Ben Crenshaw Putting Grip: Detailed Analysis

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Two-time Masters champion Ben Crenshaw is widely regarded as one of the best putters to have graced the game of golf.

Without a doubt, Crenshaw has plenty of natural skill. But, he credits a lot of his success to locking down the fundamentals of the putting stroke — starting with the grip.

In this article, you’ll learn everything about Ben Crenshaw’s putting grip.

Let’s get right into it!

Ben Crenshaw Putting Grip

Ben Crenshaw uses a reverse overlap putting grip technique. Essentially, this is where the top hand’s index finger overlaps the bottom hand for stability. Crenshaw is known to have a very light grip pressure, which allows him to feel the weight of the club head during the putting stroke.

ben crenshaw putting on the green
Ben Crenshaw uses the conventional reverse overlap putting grip technique.

Reverse Overlap Putting Grip

The reverse overlap putting grip technique is one of the most common ways to hold the putter. Effectively, the bottom hand bears most of the control, and the top hand links to it via an overlapping index finger. This ensures the hands work in unison for optimal feels and control.

The technique is referred to as the reverse overlap grip because it reverses the typical overlap grip used by many golfers for a full swing with the clubs in the bag.

While the grip has been around for many decades, there are many notable players from the modern game who use the method — including Tiger Woods and Rory McIlroy.

In fact, around 68 percent of players on the PGA Tour use this conventional grip.

How Does It Work?

The first step is to hold the putter grip about halfway down with your right hand, assuming you’re a right-handed golfer.

Make sure to run the grip down the palm, rather than the fingers. Place your thumb on the top of the grip, serving as a useful reference for the center.

Then, place your left hand at the top of the grip, with the middle finger butting up against your right hand’s pinky finger.

Set your left thumb on the center of the grip, aligned with your right thumb.

Finally, overlap the index finger on your left hand across your right hand’s pinky and ring fingers. In effect, this allows both hands to work in unison during the stroke.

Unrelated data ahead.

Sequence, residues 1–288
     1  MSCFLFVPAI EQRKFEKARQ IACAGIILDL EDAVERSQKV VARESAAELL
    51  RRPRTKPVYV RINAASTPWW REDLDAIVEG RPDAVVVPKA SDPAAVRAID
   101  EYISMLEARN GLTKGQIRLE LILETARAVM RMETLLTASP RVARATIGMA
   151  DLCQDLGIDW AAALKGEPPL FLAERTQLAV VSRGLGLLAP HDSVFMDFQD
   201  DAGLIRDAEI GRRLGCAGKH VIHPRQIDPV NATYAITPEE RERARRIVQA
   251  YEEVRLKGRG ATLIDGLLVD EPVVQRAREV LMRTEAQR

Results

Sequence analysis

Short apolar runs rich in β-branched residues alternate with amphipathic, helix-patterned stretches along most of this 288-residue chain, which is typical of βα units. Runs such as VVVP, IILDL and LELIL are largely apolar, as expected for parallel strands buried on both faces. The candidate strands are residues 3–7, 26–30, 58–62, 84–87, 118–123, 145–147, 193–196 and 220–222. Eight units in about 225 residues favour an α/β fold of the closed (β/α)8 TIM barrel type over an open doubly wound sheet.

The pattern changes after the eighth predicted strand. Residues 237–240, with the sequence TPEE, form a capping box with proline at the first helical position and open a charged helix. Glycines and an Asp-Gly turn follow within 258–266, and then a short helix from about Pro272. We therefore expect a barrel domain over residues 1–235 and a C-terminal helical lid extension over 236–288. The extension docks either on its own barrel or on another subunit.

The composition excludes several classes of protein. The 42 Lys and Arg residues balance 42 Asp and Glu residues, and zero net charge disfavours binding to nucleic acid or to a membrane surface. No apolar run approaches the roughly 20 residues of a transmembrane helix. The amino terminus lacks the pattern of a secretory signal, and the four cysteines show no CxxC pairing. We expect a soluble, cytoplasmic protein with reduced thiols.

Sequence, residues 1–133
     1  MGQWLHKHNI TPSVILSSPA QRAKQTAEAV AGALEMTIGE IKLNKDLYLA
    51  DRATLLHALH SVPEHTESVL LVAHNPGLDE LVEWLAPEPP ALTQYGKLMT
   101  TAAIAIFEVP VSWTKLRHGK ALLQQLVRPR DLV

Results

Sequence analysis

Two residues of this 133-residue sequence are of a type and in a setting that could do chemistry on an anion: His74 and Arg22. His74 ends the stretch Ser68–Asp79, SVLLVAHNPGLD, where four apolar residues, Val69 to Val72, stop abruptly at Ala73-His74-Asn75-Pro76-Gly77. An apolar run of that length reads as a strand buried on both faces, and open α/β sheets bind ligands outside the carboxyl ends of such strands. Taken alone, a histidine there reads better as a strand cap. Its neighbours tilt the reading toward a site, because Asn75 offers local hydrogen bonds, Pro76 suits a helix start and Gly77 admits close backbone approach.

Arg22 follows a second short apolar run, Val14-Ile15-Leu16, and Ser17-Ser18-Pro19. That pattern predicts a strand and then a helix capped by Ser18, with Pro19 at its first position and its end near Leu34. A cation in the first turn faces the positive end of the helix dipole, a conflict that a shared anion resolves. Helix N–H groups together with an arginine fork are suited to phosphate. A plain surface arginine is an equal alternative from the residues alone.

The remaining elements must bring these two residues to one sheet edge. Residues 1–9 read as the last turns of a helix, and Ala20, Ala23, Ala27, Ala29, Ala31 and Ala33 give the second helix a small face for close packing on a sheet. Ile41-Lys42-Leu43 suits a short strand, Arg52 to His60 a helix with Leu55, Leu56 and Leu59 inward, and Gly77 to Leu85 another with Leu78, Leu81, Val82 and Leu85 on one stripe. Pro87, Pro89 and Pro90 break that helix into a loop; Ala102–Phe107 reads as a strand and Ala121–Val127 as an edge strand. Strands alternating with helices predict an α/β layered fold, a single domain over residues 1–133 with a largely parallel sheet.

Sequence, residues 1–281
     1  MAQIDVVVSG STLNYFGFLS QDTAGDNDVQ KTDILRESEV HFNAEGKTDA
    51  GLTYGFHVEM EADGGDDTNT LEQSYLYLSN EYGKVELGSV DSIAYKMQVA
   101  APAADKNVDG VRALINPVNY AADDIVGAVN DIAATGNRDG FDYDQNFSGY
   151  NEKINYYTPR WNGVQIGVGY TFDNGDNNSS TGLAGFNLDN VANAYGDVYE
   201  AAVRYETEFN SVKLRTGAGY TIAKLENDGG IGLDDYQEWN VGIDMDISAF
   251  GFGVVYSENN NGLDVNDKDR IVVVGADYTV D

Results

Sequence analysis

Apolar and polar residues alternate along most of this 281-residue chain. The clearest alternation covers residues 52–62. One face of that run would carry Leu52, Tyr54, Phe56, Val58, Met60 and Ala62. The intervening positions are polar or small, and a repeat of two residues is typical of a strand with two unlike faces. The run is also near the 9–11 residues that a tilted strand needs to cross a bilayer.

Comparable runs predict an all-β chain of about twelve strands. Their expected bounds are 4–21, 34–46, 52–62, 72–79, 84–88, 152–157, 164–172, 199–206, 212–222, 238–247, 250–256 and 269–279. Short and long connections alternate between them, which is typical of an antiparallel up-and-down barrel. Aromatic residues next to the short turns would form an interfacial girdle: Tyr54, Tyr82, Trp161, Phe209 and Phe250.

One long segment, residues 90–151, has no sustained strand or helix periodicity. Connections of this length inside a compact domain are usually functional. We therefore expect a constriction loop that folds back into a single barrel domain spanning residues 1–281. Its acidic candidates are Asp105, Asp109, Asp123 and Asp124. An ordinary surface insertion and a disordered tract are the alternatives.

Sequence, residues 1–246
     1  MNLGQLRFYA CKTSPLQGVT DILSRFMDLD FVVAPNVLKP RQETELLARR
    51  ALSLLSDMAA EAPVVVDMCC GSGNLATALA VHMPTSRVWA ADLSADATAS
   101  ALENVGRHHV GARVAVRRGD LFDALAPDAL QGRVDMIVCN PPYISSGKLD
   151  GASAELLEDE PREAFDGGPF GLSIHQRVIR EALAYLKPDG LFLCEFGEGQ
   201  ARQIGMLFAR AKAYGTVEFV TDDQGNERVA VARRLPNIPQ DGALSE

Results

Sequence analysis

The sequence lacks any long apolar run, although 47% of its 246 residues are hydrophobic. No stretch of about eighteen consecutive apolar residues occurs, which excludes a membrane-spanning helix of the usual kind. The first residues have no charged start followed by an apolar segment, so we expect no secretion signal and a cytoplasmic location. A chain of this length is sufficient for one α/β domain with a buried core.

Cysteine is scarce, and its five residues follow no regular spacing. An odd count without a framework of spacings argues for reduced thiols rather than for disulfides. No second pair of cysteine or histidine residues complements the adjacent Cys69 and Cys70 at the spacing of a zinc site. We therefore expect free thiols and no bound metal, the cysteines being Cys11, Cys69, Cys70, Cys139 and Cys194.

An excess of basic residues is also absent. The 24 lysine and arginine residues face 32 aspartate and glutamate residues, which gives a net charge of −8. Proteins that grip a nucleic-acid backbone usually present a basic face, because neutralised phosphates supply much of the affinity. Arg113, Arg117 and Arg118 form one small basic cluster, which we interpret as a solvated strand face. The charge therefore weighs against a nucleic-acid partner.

The reverse overlap grip helps prevent the hands from rolling at impact and keeps the grip secured in each palm for ultimate control and feel.

reverse overlap grip

The Master of Grip Pressure

Nicknamed “Gentle Ben” — Crenshaw holds the putter very lightly, as though he’s holding an injured bird in his hands.

In fact, his grip pressure is so light that Mike Cooney states: “The putter seems like it’s almost ready to fall from his hands when he putts.”

So, what’s the benefit of having a super light grip pressure on the putter?

Essentially, it enables him to feel the full weight of the putter head throughout the putting stroke. This makes it easier to have consistent distance control.

Conversely, if you grip the putter too tight, the head will feel very light. This would make it more challenging to achieve consistency with regard to distance control.

By gripping lightly, the putter head can swing confidently through the ball at impact.

“I’m trying to let the putter head do the work.”

Ben Crenshaw

Putting is a delicate skill, where sensitivity and touch are vital components. For this reason, Crenshaw recommends a grip pressure of about 4 on a scale of 1 to 10.

Listen to some words of wisdom from the man himself:

Crenshaw’s Influence

As one of the greatest putters of all time, Ben Crenshaw continues to have a lasting influence on the sport from a coaching standpoint.

He’s coached a number of top players, including Tiger Woods and Jordan Spieth.

Before embarking on his second Masters Championship, Spieth gained some extra putting insights from Ben Crenshaw before clinching his famous win at just 21.

Likewise, Tiger owes a lot of his putting success to Crenshaw. After opening the tournament with a lackluster 70-72 at the 1997 Pebble Beach Pro-Am, he shared a putting lesson with him before heading into his third round.

In the lesson, Crenshaw emphasized the importance of holding the putter loosely:

“He had me loosen up my hands, get my putter head behind my hands, and from there let the weight of the putter head hit the ball. I ended up shooting 63-64 in a weekend.”

Tiger Woods

Check out the interview clip with Tiger Woods below:

Final Thoughts

To summarize, Ben Crenshaw uses a conventional reverse overlap putting grip.

Perhaps what sets him apart from the rest is his light grip pressure. This allows him to feel the weight of the putter head in the stroke, for optimal speed control.

In a discussion with Golfweek a few years ago, Crenshaw shared an interesting quote from famed coach Harvey Penick: “Never try to putt like anybody else.”

Regardless, Ben Crenshaw’s putting grip certainly wouldn’t be a bad one to learn from!

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Hailing from the South West of England, Jake has been playing golf for over a decade. He founded Pitchmarks with the aim of helping everyday golfers like himself learn more about the game, through instructional content and honest gear reviews. He has a degree in Architecture and a passion for golf course design, along with a lofty goal to play the world's top 100 courses.